Whipworms are robust intestinal parasites that are actual worms measuring about two or three inches in size. The front of them is small and whip-like, hence their name, while their back end is much thicker. The medical term for whipworm is Trichuris, named after the type of parasite that feeds off various hosts. Whipworms in dogs are one of the four most common canine parasites and infections can become quite severe if left untreated for too long.
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Causes of Whipworm in Dogs
In order to understand the cause of whipworms, you first must understand their life cycle. The eggs are passed through the feces and if left in the right conditions, can become infectious 2 to 4 weeks after that. If the dog then ingests any of that feces (either while grooming or eating things found on the ground), the eggs will then travel to the small intestine where they will hatch. From there the parasitic larvae will move to the large intestine and attach themselves to the lining of the intestine walls. By attaching themselves to the host, they can then feed off the blood of the host animal.
Once the larvae have been in the large intestine for about 11 weeks, they’ll become fully mature and able to produce more eggs. Once those eggs have been produced they can live in the intestine for years, or be passed through the feces to possibly spread to other animals.
Dogs can contract whipworms when they ingest anything that has been contaminated including food, water, feces, and flesh.
Humans have their own species of whipworm that they can become infected with, and this has led to some believing that humans can catch whipworms from their dog. However that is not the case. Whipworms that infect dogs have never been shown to be a significant threat to humans.
Diagnosing Whipworms in Dogs
If you think your dog might have a whipworm infection, it’s important to get them to the vet right away. Because whipworms take so long to actually present symptoms, the chances are good that the infection has already grown considerably.
Just like when searching for other parasitic infections such as hookworms or roundworms, when trying to reach a diagnosis a vet will perform a fecal flotation, where they look at a stool sample under a microscope. They will be looking for the eggs of whipworms to determine their presence. However, unlike those other parasites, whipworms don’t always produce eggs, meaning that there may not be any present in any one stool sample. When this is the case, the vet will most likely ask that you collect different stool samples that can be tested. If still none are found but a whipworm infection is strongly suspected, vets will often start whipworm treatment anyway.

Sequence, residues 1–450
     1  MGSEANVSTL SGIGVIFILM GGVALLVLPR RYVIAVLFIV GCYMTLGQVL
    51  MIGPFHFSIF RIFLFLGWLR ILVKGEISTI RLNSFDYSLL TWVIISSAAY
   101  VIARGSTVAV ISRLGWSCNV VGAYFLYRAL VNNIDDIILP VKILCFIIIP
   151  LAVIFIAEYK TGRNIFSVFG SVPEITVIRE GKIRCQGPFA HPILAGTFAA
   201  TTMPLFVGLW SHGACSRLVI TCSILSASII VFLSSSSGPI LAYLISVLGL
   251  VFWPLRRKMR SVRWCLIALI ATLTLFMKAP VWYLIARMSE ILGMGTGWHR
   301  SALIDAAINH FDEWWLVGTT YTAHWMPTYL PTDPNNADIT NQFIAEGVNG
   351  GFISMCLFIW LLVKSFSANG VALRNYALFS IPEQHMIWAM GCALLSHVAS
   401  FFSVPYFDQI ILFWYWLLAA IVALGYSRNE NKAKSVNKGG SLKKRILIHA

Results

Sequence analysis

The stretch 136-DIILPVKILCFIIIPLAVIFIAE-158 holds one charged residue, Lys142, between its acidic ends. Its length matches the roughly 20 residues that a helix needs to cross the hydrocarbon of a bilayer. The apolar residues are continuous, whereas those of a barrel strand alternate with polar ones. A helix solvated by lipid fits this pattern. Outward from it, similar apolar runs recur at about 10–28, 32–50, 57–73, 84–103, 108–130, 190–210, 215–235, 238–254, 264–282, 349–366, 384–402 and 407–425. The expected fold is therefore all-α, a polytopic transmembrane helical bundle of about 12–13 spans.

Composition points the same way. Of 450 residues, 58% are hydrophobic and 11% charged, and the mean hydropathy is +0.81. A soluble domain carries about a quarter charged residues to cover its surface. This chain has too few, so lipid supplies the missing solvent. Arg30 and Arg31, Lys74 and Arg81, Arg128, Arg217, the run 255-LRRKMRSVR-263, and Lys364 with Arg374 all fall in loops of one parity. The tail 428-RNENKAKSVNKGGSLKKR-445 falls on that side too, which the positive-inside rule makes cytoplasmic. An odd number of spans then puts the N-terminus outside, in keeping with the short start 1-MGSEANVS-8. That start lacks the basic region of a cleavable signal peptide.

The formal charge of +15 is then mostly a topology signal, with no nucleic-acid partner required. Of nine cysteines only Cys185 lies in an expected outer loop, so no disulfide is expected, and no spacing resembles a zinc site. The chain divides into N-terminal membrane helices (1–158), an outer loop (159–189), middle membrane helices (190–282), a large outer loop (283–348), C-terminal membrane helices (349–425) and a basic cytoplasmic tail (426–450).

How to Treat Whipworms in Dogs
Treating whipworms can be difficult for two reasons. The first is that they can be highly resistant to common de-worming medications, meaning that you and your vet may have to try several before finding one that works. De-worming medication is used for many different parasites and will destroy both the adults and the larvae in the system.
Another reason whipworms can be difficult to treat is that because they are so robust and can survive in their environment for so long, reinfections are very common and they can become a chronic problem. In order to ensure that all of the parasites were destroyed during initial treatment, most vets will recommend another follow-up fecal flotation a week or so after treatment is finished. Even still, for best results repeated treatments after three weeks and after three months of treatment is typically recommended. This can help prevent reinfections and chronic infections.
Preventing Whipworms in Dogs
Because whipworms can be so difficult to get rid of, pet owners are advised to do as much as they can to prevent whipworms from ever presenting a problem in the first place. Keeping your yard clean of feces at all times and avoiding areas where your dog will be kept in close confined spaces with other animals will also help prevent them from ever contracting whipworms.
In addition to keeping a dog’s area clean, and making sure they’re not picking anything up from other dogs, your vet should also be checking for whipworms during your dog’s annual exam. This is one of the best ways to prevent whipworms in dogs.
I've been a dog lover since the day I was born but it's the current four legged love of my life, Phoebe who inspired me to create the Munch.Zone.
We moved together from Israel to New York in 2013, love hiking together, and never pass up a trip to the dog park. Watching her over the years sparked so many questions about dog behavior and health needs, and it wasn't always easy to find answers. Thus, the Munch.Zone was born.
On any given day you'll find me watching Netflix originals, eating popcorn, and thinking about how to get into house flipping.